23andMe Looking for the Next Big Drug
Personal genomics company 23andMe, known for its consumer genetic tests has raised close to $200 million in its latest round of funding. This brings the company’s pre-money valuation to about $1, 75 billion, and it doesn’t come as a surprise that it has nothing to do with their spit kits.
Back in 2015, 23andMe shared its DNA data with two leading giants within pharma and biotech, namely Pfizer and Genetech. Already back then, the company worked with Genetech to generate whole genome sequencing data from Parkinson’s sufferers to identify new potential targets. This week, the company showed off the latest results of that effort, turning up more than a dozen new mutations associated with the disease.
On Monday, researchers from 23andMe, the National Institute on Ageing and Genetech published the largest meta-analysis of Parkinson’s disease to date, using data from more than 425,000 people, were more than 3/4 of that data were 23andMe customers.
The next step is for Genetech to sequence the full genomes of 3,000 of 23andMe’s Parkinson’s patients. The volunteers have answered all sorts of questions, from how their disease is progressing to what treatments they’ve tried, and how well they worked.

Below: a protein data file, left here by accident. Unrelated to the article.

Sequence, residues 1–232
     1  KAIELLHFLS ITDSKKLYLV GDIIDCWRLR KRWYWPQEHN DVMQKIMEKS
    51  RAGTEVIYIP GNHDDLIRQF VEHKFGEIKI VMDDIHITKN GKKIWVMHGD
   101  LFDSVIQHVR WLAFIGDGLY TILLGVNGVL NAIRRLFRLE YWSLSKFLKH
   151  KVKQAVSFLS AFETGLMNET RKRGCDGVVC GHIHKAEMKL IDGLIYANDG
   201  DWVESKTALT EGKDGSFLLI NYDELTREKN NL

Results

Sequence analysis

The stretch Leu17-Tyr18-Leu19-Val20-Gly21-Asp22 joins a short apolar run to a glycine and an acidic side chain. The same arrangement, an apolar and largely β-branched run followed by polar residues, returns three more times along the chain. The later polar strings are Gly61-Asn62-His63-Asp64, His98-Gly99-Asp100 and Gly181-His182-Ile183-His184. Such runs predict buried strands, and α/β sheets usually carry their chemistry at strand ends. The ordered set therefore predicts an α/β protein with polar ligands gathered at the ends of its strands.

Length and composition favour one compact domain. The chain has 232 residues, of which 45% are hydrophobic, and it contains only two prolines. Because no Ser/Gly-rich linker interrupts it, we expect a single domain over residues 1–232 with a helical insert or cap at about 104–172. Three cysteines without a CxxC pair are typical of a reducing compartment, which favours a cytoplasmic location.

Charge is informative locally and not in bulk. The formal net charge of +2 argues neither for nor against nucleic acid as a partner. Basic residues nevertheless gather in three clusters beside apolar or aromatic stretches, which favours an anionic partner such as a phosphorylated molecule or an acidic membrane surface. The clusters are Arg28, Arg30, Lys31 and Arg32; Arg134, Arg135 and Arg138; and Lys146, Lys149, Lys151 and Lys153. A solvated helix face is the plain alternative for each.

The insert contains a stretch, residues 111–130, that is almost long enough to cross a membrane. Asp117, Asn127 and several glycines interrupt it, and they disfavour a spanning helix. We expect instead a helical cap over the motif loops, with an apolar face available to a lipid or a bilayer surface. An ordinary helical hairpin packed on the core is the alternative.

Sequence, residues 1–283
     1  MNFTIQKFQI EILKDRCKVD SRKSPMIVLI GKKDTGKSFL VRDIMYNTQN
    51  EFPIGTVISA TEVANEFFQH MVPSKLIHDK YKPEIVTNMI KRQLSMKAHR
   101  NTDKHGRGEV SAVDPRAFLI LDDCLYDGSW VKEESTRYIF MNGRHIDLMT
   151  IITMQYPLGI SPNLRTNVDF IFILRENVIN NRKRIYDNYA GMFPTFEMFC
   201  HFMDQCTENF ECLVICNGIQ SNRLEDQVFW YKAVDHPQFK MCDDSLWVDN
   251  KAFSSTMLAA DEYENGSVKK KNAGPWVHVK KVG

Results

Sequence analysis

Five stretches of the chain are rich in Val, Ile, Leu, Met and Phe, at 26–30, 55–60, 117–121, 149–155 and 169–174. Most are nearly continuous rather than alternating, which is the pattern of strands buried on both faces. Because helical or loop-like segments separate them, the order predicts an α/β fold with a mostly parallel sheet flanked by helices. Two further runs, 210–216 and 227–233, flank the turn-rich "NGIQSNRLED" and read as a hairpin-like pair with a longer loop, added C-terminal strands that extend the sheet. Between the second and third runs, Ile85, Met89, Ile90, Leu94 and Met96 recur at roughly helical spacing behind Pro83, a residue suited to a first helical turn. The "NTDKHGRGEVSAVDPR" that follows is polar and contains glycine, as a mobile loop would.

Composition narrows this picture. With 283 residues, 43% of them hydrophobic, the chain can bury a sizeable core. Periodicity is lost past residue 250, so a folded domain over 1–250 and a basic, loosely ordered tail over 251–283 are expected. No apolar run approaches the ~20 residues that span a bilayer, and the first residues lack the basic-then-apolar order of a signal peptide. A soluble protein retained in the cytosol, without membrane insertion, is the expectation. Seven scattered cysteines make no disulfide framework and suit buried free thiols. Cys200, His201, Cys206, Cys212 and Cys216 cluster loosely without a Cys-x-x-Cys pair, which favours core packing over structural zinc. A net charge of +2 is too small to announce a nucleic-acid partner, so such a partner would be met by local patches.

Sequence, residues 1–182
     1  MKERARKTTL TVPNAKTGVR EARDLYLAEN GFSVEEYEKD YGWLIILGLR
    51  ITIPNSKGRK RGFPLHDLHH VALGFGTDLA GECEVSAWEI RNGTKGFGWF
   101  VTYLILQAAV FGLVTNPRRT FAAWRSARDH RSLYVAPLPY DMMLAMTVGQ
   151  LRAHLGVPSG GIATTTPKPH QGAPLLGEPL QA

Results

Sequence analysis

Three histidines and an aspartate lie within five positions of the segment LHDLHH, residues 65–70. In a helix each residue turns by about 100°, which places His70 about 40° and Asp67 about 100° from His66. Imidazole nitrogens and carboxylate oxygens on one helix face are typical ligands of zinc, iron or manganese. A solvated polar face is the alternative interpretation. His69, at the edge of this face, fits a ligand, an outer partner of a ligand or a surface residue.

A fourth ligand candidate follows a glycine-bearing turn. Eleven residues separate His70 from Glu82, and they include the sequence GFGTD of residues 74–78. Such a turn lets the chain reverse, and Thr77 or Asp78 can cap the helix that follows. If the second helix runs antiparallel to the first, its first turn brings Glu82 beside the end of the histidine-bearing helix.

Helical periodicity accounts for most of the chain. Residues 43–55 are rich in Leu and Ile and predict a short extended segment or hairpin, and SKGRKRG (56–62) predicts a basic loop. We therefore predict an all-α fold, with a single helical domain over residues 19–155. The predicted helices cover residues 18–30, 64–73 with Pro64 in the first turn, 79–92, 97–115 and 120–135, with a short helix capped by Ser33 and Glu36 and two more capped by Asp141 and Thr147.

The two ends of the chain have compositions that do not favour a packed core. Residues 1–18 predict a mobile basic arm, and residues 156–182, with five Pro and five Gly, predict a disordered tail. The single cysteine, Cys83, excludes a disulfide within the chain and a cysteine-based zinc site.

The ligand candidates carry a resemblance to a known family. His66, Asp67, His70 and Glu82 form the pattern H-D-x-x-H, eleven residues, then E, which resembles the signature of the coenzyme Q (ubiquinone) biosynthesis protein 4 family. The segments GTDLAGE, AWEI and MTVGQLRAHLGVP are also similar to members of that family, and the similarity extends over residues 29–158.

By digging deep into all three billion bae pairs, the pharma giant hopes to get past the most common traits of Parkinson’s. Alternatively, they’re looking for those rare variants, the one’s that destroy more biological machinery than average, leaving a trail that’s easier to track.
“They’re the extreme breaks in the system,” says Rob Graham, senior scientist at Genetech, and co-author of the paper.
When the last volunteer has been sequenced for the project, Genetech will have exclusive access to the data for two years – then, it’s open for the whole scientific community to use.
But it’s still a long road ahead, despite the head start:
“Personalised medicine is more challenging in Parkinson’s, than in, say, cancer, because of the complex heritability of the traits,” Graham says.
No drug has been found yet, but at least, 23andMe has a plan to find one.